An open letter to the NEW CEO of Freddie Mac: While Freddie Mac Fiddles, California Burns

January 18, 2010

Charles E. “Ed” Haldeman, Jr
Chief Executive Officer
Freddie Mac
8200 Jones Branch Drive
McLean, VA 22102-3110

Dear Mr. Haldeman:

This is not my first time writing Freddie Mac, HUD and U.S. senators regarding Freddie Mac’s seemingly anti-competitive actions in the California marketplace.

Last year, I wasn’t alone in calling out Freddie Mac’s unfair practices. It was echoed in other media and even among several lawmakers.  In particular I’m concerned with unresolved and continuing questionable business practices in the California real estate market.

In early 2009, Freddie Mac sent out a Request for Proposal (RFP) to a group of pre-selected Natural Hazard Disclosure (NHD) companies in California.  This, immediately, got my attention. By limiting the companies who received the RFP to First American and several small regional companies unable to meet the RFP requirements, while excluding qualified NHD companies from being considered, Freddie Mac succeeded in short changing the American home buyer by removing their right to choose from a collection of qualified providers.  Mr. Haldeman, as you can see, this exclusion lends further credence to the idea that your organization wasn’t acting with transparency, openness or fairness during this very influential process.  In fact, it appeared that Freddie Mac was attempting to pre-determine the “winner.”   And by selecting only one provider for these services, it appears California home buyers and sellers were the ones who would be shortchanged.

After my letter and others, most notably one from Sen. Jim Costa (D-Fresno), were sent, Freddie Mac appeared to relent and issued a second RFP, giving new firms about 48 hours to respond so they could be considered as additional Freddie Mac approved NHD report providers.  Despite the short time frame, several NHD firms submitted completed RFPs and began to wait to hear a decision from Freddie Mac.

And now, months and months later, they continue to wait.

And while these companies wait, Freddie Mac continues to treat First American Title’s FANHD as their preferred and only provider.

What amazes is me, is that nearly a year later; these qualified NHD firms continue to wait for a response from Freddie Mac.   Each time a firm contacts Freddie Mac, they are told that “Freddie Mac is too busy to respond to RFPs,” despite having issued one.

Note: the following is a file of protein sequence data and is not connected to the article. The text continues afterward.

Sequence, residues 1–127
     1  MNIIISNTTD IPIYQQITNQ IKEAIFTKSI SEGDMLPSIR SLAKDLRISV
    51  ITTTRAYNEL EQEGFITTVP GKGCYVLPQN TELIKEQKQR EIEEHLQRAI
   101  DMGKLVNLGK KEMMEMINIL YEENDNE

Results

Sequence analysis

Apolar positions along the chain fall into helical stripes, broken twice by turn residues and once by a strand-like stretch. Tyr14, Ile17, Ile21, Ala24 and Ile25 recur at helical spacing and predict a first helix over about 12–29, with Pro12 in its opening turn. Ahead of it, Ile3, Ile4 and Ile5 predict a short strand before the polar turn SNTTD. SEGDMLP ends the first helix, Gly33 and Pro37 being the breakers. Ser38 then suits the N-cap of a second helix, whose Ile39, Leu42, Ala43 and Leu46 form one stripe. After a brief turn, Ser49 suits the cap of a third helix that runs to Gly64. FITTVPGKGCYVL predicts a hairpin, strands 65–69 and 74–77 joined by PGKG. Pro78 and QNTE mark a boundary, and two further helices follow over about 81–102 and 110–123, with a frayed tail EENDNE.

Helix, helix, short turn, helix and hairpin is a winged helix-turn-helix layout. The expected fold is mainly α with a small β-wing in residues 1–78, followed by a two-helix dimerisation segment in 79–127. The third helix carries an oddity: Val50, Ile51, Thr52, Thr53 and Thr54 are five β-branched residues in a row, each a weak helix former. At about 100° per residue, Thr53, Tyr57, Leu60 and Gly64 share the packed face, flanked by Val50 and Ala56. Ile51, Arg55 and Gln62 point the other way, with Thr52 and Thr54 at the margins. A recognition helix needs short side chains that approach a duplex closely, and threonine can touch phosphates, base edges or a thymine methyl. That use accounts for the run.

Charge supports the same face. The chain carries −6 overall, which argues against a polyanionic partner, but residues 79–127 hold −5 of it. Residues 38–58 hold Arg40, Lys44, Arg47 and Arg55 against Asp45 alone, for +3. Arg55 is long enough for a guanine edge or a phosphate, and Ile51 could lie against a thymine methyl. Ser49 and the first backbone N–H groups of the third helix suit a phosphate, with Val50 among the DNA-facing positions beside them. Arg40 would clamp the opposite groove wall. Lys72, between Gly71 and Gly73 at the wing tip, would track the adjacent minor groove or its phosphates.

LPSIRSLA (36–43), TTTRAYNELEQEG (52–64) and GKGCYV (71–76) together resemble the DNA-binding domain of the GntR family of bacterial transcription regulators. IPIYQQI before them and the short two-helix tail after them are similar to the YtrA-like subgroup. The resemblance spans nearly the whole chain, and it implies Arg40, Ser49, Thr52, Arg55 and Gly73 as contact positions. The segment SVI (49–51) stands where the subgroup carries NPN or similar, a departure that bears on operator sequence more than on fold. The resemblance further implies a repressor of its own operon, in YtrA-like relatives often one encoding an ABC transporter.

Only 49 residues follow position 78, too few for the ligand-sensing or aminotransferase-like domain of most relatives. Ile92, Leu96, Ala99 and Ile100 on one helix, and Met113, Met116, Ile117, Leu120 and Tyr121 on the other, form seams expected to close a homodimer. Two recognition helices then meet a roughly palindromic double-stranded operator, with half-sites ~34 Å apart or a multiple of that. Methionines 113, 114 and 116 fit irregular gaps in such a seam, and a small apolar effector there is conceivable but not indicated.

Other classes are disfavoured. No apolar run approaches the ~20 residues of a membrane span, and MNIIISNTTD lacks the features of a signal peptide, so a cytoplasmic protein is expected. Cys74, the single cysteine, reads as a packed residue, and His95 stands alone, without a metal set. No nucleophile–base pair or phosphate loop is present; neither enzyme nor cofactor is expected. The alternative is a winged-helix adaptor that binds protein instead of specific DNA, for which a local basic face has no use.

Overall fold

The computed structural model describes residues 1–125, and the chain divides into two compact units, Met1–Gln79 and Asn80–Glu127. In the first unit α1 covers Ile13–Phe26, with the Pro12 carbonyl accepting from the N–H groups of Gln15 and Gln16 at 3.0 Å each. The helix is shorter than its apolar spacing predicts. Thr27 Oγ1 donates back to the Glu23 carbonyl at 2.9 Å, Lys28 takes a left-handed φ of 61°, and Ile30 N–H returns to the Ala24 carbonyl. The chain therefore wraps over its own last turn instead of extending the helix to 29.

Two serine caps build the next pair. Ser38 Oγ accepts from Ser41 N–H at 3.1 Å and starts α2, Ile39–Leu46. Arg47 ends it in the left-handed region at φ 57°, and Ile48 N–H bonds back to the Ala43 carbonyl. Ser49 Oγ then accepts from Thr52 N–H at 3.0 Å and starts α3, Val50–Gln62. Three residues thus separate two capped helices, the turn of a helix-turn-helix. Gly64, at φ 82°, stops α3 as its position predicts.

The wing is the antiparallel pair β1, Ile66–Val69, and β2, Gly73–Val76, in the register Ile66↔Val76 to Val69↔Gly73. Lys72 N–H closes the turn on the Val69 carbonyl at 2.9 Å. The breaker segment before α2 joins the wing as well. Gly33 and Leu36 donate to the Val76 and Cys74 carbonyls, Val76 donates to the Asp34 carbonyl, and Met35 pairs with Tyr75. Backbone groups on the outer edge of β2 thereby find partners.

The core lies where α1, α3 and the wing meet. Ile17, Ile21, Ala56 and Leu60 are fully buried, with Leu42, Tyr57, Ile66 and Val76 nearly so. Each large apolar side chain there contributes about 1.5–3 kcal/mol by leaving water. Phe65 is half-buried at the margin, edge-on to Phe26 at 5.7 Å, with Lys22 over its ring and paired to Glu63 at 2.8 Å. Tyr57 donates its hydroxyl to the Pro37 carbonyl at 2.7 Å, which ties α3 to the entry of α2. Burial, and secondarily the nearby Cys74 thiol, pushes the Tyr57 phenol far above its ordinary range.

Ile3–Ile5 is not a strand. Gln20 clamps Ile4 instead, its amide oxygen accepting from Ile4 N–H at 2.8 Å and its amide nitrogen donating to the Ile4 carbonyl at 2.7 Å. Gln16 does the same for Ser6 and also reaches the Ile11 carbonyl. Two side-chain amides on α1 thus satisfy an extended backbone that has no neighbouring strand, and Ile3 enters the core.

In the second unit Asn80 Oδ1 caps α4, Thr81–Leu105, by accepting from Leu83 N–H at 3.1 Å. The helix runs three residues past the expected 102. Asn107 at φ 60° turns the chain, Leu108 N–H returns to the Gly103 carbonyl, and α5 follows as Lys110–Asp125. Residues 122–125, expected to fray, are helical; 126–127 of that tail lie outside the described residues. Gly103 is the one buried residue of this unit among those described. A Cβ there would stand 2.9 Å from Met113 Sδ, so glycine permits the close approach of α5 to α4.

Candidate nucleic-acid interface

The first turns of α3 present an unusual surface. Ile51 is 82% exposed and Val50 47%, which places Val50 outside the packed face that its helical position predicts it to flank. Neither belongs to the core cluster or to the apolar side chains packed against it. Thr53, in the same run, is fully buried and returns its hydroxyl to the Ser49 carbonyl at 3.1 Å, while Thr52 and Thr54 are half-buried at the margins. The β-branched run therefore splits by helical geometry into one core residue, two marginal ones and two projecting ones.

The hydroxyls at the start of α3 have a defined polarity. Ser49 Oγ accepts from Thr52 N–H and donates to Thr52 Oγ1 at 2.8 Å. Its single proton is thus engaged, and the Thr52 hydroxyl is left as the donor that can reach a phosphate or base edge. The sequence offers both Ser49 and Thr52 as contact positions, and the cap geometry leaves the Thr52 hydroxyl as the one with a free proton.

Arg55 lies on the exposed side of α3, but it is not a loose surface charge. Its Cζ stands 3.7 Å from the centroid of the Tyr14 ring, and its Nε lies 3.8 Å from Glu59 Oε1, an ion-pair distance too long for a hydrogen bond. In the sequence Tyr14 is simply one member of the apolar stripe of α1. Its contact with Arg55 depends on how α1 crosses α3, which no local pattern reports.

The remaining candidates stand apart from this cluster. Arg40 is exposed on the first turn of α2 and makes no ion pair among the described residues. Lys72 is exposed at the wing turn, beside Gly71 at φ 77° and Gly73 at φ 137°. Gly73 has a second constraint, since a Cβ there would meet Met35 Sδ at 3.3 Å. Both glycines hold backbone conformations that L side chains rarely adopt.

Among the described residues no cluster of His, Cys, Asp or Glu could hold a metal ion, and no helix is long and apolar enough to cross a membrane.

Mr. Haldeman, why won’t Freddie Mac respond?  It is no secret to those of us in the industry that Freddie Mac is using First American Title’s FANHD, nor is it a secret that First American Title CFO, Anthony “Buddy” Piszel used to be Freddie Mac’s CFO.

May I remind you the threat to harm competition is contemplated in the California Business & Professions Code Section 17200 as unfair business practices. In addition, from what I can find, this arrangement appears not comply with federal and California antitrust and unfair competition laws, and could possibly be a violation of the Sherman Act.

I imagine that you are aware that Natural Hazards Disclosure Reports are a settlement service as defined by, and regulated by HUD (the Department of Housing and Urban Development). Consequently, exclusive business arrangements like this one between Freddie Mac and First American could easily merit a look to see if they have restricted competition and thus, eliminated small companies and jobs in the state of California as well as a RESPA violation.

Mr. Haldeman, while you were not Freddie Mac’s president when the exclusive agreement between Freddie Mac and First American took place; you are now.  Stop this unfair exclusive agreement designed to eliminate competition and jobs in California.

I look forward to your reply,

Serena Ehrlich
Publisher and Editor,
RE-INSIDER

CC:     HUD (Housing and Urban Development)
FHFA (Federal Housing Finance Agency)
GAO (General Accounting Office)
Senator Feinstein
Senator Boxer

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Choosing Quality over an RFP

I wanted to share this recent comment to our last blog post:  Following Up on Freddie Mac: What Has Happened?

“Serena,

I found your post very interesting. Especially the suspicious behavior you cited:

“In talking to a number of other disclosure companies in California I discovered that the only ones which received the initial RFPs from Freddie Mac were several regional disclosure companies who would have not met Freddie’s criteria to become a supplier of disclosure reports. Somehow the disclosure companies which would have qualified ***never received an RFP.*** ”

“I am still getting feedback from the disclosure companies who completed and submitted these RFPs saying that they never heard back from Freddie Mac, despite submitting their RFP responses ***within the 48 hour deadline.***

Maybe we should only buy our disclosure reports from those companies. Please let us know who they are!

Thanks,

Rick”

**************************************************

Dear Rick,

I wish I could just give you a list and send you on your way.

As you know, when it comes to selecting disclosure service providers, we at RE-Insider continue to encourage realtors to choose their partners based on the product’s quality, accuracy, thoroughness, high-level of customer service, insurance coverage and more.  No matter how it is sliced, there are no shortcuts when making this decision, including a rushed RFP.    We strongly continue to believe that selecting a natural hazards disclosure company based on the submission of an RFP vs. quality of service and the report does not represent the good faith effort that is expected of real estate professionals.

Thank you so much for your question.  I hope this helps, if you have any other questions or comments, please let me know!

Serena